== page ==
- All of them expedite growth. The immediate contact between nutrient-rich water and plants root speeds up the development of the organism. Plants nurtured in a smaller space grow twice as quickly as soil-grown plants when nutrients are given straight to the roots. There is less evaporation and water consumption when the root system is enclosed in a closed channel.
- All of them lead to higher yields. This one is the result of the quickened growth of the plants. Growers can have multiple harvests in a year. Plants cultivated in soilless systems often yield 30-40% more than plants grown in traditional methods. This phenomenon is due to the thorough monitoring of nutrients in water solutions, ensuring that plants receive ideal food levels, lowered disease and insect influence, and finer-tuned growing conditions.
What are the differences between aquaponics, aeroponics, and hydroponics?
At this point, I will outline the unique features of the three soilless systems under consideration. Afterward, I will disclose their pros and cons. My aim here is to help you clarify any confusion about the three techniques. Let me also help you decide which soilless method is perfect for your situation and preference.
What is aquaponics?
A soilless technique where growing fish and growing plants are done simultaneously, aquaponics provide you with foods high in nutritional value. Aquaponic systems produce a high output of crops while also allowing fish to be caught. Unwanted vegetable bits can become food for the fish. Nutrients are extracted from fish excrements. Bacteria act as nitrogen-fixing agents for converting fish waste to organic nourishment plants need. This water can subsequently be injected into the crop's root zone. Because organic nutrients are employed in aquaponic systems, the crops receive a balanced nutrient boost. However, some parameters, such as the water's pH, can be regulated.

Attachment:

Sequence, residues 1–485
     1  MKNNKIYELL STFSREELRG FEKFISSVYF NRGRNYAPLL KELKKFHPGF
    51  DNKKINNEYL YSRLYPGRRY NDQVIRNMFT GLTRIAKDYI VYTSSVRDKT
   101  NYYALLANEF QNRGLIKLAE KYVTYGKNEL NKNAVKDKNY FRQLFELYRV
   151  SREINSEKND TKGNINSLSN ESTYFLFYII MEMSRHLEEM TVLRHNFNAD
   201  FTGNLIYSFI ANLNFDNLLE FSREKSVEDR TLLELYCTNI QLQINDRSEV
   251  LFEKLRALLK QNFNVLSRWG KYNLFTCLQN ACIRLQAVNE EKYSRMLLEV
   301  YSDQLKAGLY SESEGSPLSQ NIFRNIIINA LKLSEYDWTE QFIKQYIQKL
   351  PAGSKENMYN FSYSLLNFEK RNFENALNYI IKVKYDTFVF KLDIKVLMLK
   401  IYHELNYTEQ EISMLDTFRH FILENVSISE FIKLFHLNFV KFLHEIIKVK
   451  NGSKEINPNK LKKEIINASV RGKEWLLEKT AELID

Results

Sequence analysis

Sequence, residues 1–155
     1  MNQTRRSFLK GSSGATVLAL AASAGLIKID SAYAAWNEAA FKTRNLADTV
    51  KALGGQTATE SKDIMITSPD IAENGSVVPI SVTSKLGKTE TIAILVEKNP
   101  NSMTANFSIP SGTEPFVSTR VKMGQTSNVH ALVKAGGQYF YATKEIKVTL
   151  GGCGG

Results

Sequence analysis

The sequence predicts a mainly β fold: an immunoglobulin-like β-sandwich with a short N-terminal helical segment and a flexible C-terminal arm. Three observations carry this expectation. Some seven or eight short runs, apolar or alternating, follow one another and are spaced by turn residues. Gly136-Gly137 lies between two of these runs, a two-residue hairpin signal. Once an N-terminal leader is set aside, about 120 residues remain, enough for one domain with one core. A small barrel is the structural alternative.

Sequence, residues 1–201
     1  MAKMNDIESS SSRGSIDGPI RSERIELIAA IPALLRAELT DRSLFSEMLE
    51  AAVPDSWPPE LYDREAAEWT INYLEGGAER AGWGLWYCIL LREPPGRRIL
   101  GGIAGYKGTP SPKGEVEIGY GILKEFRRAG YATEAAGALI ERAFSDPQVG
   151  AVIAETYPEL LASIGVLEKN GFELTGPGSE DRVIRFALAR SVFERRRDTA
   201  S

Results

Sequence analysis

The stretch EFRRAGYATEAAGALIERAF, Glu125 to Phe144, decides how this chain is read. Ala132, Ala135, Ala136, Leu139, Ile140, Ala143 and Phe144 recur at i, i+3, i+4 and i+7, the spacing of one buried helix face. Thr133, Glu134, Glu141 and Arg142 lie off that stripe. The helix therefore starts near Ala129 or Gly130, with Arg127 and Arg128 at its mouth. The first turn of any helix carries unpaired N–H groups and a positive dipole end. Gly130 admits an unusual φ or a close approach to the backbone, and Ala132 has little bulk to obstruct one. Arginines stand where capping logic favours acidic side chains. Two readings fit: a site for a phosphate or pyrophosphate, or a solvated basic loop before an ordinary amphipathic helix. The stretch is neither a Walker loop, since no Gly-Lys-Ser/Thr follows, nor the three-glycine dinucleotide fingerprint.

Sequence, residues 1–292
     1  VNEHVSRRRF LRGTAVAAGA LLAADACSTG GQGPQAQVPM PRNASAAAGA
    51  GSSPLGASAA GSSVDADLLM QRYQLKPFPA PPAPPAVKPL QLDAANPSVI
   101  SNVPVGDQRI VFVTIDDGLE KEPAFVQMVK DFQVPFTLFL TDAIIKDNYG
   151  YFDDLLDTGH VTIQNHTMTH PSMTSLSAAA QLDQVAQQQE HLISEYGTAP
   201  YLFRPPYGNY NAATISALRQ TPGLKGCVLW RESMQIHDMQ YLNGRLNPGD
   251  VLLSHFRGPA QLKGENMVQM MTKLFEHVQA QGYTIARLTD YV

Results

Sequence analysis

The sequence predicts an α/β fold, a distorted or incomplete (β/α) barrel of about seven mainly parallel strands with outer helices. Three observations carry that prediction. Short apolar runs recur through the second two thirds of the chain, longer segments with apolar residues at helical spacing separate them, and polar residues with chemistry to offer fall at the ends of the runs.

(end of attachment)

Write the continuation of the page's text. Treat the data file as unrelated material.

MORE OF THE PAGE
Pros of Aquaponics:
- You get to harvest fish and vegetables, which are good sources of nutrients and proteins.
- The system is akin to a natural ecosystem, so there are few to zero synthetic fertilizers.
- There is no waste in this system. Since the plants make use of the nutrient found in the effluents of fish, the water is filtered and recirculated to fish tanks.
- Soil-borne diseases are avoided.
- The garden chores are modest compared to traditional farming methods; the sole responsibilities are feeding the fish and ensuring that the system is functioning correctly.
- Aquaponics enhances the ambiance of a home or office.
Cons of Aquaponics:
- You will have to monitor two systems -- hydroponic system and aquaculture system.
- Roots of plants may clog, affecting the free-flowing water.
- Limited species of fish grow in this technique, primarily freshwater ones.
What is hydroponics?
The term "hydroponics" is derived from the ancient Greek words "hydro" (water) and "ponics" (work). Essentially, water is doing the principal work in allowing plants to develop quickly. Since it is soilless, hydroponics relies on a nutrient-rich water-based solution to provide the plants with the necessary nutrients. Hydroponics entails very precise and calculated exposure to an accurate mixture of nutrients. To achieve this, the grower uses various artificial and natural materials, including Styrofoam, certain types of plastic, and even PVC. The idea is to keep the roots in a standardized medium to enhance their exact nutrient solutions absorption.